Impact of COVID-19 on caring

July 10, 2020

The Office for National Statistics (ONS) has released new data detailing the impact of COVID-19 on caring.

It shows a vast increase in the number of adults supporting people, with almost half (48%) of UK adults providing help or support to someone outside of their household during April 2020. This contrasts with pre-pandemic findings of 11% of adults providing some regular support or help for an elderly, disabled or ill person living outside their household.

Of these 48% of adults who reported providing help in April 2020, 32% were helping someone who they did not help before the pandemic and 33% reported giving more help to people they helped previously.

Those aged 45 to 54 were the most likely group to provide support - 60% of this age group reported doing this. Women were more likely than men to provide support, as were those with dependent children.

Commenting on the ONS figures on the impact of COVID-19 on caring, Helen Walker, Chief Executive of Carers UK, said, 'In a matter of months, millions of people – most in their 40s and 50s and holding down a job - have started caring unpaid for family members and friends who would otherwise manage ok on their own, but are now at risk of the virus.

'Providing a small amount of unpaid care from afar will have been manageable for some. But hundreds of thousands of people with far more intense caring roles are unable to rely on care services to help them, bringing nothing but stress and exhaustion.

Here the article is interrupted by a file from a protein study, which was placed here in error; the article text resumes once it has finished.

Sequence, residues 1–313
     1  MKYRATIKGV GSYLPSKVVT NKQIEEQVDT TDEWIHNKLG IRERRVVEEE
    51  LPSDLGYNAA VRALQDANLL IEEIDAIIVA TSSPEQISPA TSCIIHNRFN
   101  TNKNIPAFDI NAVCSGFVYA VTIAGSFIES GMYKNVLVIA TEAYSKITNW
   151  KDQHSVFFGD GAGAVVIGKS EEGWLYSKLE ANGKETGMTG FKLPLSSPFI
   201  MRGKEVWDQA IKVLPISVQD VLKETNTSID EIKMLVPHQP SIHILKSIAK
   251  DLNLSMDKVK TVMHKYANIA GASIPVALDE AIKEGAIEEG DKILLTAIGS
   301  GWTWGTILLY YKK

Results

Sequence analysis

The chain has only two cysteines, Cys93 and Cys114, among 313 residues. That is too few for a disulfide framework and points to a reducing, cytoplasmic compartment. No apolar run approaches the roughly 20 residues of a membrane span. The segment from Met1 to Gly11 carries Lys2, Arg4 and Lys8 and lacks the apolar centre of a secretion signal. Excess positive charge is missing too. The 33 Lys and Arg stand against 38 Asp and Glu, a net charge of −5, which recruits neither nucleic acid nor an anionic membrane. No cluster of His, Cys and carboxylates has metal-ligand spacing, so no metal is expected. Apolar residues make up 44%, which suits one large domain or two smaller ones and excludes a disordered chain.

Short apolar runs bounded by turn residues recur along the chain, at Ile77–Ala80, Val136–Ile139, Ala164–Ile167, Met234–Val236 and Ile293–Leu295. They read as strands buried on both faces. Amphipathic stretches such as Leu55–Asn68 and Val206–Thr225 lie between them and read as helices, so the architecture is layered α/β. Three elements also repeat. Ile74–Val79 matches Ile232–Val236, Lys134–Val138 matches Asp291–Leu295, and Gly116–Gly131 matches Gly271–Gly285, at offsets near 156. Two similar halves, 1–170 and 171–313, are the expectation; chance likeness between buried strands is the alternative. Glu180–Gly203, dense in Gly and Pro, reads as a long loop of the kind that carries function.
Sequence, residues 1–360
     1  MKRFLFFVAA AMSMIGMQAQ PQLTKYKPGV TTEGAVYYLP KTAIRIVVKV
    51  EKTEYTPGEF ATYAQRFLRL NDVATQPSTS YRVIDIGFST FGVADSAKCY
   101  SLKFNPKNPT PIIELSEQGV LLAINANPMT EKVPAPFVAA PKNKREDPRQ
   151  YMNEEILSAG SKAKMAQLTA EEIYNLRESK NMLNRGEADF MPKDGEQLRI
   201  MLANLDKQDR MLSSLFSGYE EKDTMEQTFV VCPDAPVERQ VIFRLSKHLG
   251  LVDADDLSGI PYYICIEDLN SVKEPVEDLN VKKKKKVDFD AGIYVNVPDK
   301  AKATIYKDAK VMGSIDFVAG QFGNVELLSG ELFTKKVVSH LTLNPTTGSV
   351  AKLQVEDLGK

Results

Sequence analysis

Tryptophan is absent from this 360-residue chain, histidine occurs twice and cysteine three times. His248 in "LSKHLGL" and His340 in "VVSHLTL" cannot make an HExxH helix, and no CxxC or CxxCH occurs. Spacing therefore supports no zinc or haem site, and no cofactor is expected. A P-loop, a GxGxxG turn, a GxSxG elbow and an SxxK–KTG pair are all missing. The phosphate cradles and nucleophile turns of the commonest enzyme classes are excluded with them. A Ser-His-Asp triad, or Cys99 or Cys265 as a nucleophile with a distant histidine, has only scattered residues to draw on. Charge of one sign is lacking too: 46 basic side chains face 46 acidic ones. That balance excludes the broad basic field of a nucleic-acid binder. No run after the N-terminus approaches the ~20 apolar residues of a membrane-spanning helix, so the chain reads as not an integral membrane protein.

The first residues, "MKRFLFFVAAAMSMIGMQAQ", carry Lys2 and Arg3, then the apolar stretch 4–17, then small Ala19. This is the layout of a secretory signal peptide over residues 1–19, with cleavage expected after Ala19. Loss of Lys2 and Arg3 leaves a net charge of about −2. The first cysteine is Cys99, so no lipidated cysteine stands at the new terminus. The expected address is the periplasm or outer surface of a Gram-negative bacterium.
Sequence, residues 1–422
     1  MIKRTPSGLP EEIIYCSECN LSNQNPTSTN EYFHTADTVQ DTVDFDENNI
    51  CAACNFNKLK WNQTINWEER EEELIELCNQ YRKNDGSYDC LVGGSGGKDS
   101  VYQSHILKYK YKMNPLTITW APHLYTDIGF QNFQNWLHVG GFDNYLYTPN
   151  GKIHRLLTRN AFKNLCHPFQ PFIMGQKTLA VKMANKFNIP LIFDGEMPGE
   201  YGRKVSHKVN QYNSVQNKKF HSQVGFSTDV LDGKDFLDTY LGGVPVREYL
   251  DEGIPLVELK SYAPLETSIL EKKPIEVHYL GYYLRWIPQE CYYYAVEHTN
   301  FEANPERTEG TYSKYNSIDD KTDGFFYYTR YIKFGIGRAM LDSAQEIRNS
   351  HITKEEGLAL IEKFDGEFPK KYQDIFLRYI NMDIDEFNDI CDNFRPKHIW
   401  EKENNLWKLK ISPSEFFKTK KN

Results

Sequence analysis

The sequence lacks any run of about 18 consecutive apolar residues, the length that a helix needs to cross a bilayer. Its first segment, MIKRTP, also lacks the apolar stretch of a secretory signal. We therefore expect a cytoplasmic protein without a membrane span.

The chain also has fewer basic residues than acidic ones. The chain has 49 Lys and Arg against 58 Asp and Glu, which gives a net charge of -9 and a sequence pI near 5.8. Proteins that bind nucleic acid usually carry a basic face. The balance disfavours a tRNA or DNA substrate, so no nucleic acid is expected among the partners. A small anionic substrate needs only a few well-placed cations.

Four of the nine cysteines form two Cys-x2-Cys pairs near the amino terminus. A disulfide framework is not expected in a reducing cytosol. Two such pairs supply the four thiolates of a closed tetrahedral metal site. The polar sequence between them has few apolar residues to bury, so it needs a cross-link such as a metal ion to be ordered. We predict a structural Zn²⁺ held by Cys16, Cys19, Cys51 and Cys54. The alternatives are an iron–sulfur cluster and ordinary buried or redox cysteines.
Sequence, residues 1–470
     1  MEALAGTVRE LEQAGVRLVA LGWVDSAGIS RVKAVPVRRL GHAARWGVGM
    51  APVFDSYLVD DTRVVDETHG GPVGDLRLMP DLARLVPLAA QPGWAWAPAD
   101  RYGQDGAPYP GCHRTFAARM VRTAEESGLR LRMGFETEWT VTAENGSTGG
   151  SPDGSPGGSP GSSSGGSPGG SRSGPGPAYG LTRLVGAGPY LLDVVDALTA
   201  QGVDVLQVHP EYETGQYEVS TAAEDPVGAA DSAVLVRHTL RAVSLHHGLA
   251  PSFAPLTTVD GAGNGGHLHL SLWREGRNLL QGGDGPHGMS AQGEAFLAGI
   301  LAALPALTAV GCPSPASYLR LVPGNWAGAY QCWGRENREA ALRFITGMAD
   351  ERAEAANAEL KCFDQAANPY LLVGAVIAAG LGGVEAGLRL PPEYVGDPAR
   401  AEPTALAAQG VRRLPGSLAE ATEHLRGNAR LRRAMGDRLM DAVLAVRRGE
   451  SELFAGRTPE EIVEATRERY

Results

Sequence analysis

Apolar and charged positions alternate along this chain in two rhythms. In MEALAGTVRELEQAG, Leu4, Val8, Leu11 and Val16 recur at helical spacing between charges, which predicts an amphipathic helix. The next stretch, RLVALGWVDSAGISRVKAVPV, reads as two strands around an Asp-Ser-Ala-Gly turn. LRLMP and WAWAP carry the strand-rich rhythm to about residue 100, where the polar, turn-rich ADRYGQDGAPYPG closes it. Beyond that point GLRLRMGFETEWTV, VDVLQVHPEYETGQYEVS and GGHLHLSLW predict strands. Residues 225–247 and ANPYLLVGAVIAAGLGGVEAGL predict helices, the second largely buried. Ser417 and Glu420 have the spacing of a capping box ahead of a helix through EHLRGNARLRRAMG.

'Those who have started caring during the pandemic are more likely to be managing work and childcare alongside their caring responsibilities - an incredibly demanding task, which, without support from employers or care services can be too much to manage. Already, we see 600 people every day giving up paid work to care, at a huge cost to the economy and personal finances.

'Unpaid carers have been hit especially hard by the pandemic. Many are at the point of break down, having been unable to access the care and support services they need. Their physical and mental health is in jeopardy and they desperately need a break.

'The Government must recognise this immense pressure on carers and ensure their physical and mental health is protected and that they are given access to a break. The priority must be reinstating care and support services as soon as possible. Carers deserve far more support for their contribution throughout this crisis.'


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